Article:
As a fibre artist working with deadstock fabric and vintage tufting tools, Svetlana Shigroff has an acute appreciation for what she describes as “old-school women’s work”.
“There is something so special about using your hand with these old tools,” Shigroff says of her hand-tufted tapestries. “I don’t want to become mechanised.”
After working as a high school teacher in her native Australia and in the fashion industry in Los Angeles, the 36-year-old moved to the Yucca Valley in California. Now, the full-time working artist and occasional wardrobe stylist creates colourful, powerful tapestries in her two-car garage overlooking the desert.
“Being in the desert allows me to be free and delve a little deeper into my art and what’s going on with me,” she says. “I can be a little less self-conscious out here.”
Interested in tapestry but intimidated by the process, Shigroff taught herself how to tuft by watching a dated, grainy tufting video on YouTube.
Today, she works eight to 12 hours a day in the garage, crafting pieces from leftover or rejected knits she buys in the downtown Los Angeles fabric district. After cutting the knits into half-inch strips with a rotary cutter, she then tufts them onto a fabric canvas using a well-worn antique wood and metal shuttle punch.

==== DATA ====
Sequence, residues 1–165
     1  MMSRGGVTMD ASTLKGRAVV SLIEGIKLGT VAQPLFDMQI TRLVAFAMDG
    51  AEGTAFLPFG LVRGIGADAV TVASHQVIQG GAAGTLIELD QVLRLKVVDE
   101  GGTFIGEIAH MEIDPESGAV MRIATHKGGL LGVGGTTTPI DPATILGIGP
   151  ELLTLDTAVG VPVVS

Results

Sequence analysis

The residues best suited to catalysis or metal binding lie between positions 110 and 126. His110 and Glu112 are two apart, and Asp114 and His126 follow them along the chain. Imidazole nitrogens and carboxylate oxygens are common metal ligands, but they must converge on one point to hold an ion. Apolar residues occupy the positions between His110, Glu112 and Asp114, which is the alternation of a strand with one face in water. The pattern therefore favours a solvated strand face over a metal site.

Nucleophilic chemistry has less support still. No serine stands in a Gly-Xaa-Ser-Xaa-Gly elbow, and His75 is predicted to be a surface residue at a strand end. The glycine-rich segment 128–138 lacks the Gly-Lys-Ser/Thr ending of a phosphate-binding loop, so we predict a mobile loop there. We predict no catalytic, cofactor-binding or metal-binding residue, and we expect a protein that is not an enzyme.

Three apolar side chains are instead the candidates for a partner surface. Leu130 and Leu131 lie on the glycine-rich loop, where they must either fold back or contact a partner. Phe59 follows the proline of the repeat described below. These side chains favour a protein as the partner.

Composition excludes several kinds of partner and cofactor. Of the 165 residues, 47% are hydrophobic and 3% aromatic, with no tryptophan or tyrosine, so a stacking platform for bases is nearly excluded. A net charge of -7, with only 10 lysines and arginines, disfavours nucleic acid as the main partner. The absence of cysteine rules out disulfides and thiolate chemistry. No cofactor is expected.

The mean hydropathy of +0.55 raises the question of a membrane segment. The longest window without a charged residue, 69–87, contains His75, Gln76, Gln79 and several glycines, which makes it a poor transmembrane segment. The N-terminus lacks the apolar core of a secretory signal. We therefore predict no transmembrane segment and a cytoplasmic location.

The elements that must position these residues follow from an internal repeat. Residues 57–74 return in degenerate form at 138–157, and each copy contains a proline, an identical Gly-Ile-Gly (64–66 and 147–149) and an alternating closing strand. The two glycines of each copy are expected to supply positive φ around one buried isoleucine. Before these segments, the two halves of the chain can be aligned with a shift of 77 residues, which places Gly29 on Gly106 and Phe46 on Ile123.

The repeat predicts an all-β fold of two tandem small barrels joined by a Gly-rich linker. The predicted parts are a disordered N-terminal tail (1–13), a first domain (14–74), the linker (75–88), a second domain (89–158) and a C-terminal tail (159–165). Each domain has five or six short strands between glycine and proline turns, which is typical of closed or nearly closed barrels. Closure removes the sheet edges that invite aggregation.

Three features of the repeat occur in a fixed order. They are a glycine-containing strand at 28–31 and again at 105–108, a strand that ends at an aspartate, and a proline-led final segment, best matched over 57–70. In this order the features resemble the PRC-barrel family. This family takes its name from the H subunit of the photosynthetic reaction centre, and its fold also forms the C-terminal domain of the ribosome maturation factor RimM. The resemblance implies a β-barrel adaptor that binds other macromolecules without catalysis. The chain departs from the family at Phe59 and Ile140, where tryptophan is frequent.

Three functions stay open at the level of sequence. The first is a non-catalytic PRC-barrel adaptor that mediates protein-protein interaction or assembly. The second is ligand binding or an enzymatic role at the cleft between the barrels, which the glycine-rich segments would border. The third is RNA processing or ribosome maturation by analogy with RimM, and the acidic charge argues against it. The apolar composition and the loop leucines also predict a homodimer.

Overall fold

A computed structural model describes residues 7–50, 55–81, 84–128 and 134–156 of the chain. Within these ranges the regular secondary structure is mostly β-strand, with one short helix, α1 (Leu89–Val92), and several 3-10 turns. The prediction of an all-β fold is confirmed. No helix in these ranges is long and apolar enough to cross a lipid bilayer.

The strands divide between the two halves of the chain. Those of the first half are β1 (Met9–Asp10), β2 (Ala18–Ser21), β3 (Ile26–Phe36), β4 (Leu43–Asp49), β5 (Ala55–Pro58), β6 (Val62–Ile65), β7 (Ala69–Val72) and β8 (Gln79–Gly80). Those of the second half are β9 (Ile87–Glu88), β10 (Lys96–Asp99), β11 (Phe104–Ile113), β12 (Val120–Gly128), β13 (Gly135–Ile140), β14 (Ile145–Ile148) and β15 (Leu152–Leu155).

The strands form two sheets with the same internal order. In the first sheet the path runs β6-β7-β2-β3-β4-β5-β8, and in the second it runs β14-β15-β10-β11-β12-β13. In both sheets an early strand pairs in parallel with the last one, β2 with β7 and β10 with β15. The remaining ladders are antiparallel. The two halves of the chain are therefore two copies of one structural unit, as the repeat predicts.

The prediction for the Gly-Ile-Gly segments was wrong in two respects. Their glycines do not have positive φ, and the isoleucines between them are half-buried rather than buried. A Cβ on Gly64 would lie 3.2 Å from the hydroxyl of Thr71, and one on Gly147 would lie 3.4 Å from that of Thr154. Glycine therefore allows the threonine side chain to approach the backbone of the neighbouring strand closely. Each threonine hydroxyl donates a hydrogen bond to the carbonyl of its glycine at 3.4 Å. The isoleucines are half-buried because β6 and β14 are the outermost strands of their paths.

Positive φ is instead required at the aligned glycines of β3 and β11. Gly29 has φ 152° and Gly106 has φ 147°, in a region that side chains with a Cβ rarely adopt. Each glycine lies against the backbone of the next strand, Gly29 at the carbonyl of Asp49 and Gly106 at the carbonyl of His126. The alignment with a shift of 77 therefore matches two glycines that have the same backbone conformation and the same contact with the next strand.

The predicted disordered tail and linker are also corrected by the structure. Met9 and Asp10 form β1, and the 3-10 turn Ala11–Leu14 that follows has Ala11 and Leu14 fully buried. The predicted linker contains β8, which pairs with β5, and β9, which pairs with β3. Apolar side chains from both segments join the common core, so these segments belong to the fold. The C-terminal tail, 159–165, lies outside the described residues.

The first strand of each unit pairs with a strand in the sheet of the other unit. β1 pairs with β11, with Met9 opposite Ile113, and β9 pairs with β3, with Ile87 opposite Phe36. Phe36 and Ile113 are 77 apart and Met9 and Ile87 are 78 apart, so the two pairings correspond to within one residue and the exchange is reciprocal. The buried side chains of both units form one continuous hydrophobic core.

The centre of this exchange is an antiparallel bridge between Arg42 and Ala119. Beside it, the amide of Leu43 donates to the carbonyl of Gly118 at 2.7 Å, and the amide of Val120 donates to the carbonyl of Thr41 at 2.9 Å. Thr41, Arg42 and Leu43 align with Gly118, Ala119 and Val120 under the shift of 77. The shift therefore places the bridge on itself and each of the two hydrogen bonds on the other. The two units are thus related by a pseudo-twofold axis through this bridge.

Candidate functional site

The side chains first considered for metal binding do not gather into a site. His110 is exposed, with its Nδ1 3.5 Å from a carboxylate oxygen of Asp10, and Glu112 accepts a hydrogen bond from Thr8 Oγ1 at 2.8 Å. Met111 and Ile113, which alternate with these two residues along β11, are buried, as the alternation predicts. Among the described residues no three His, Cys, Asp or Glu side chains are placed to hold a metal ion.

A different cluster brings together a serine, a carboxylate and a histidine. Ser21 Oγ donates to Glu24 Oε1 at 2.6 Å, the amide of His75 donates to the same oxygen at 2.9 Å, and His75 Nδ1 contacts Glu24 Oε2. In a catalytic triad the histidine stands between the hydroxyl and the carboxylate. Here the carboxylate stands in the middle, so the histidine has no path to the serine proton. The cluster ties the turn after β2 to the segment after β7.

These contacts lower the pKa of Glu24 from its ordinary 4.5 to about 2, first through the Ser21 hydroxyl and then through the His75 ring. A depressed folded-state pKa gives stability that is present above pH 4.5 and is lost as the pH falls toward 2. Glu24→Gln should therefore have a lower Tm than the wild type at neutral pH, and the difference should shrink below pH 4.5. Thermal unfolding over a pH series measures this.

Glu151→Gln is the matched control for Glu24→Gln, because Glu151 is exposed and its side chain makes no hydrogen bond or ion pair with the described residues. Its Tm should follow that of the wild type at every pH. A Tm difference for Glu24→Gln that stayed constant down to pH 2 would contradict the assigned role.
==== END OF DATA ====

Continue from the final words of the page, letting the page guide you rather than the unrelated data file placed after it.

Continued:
Her custom pieces take anywhere from two to six weeks, and range from US$350 (RM1,448) to thousands of dollars.
Her work is inspired, she says, by her family, mythology and “half-truths”.
A faceless Medusa juggles heads on a bed of flames in one unfinished tapestry hanging in the garage. An “alchemistress” grips a spider, scroll and flames in another. Coiled snakes tufted onto fabric are widely represented, hinting at her interest in lore and legend.
“I draw a lot of goddesses from different cultures and mash them up,” she says. “My own family history is a little hazy. They were in China for 15 years before they came to Australia. There was a lot of trauma, myths and half-stories. Being European in Australia was weird.”
Viewers experience her work differently, Shigroff says. They see the snakes and faceless figures and add their own narrative.
“I love hearing what people think,” adds Shigroff, who also creates one-of-a-kind jackets using patch versions of her tapestries. “It’s not always super-obvious, but femme-identified individuals seem to get it.”
She views her work as a mix of sculpture and painting.
“It transcends sculpture and tapestry. It’s like painting,” she says. “Sometimes I don’t know what my pieces will be about until they are done.”
Is her work always about something? “Always,” she says, with a smile.
Looking ahead, Shigroff will have a month-long residency and show at Midnight Oil Gallery in Yucca Valley in April. The residency will also serve as an opportunity to see her in action as she plans to work on a large frame in the gallery’s main space, which will be opened to the public. – Tribune News Service/Los Angeles Times/Lisa Boone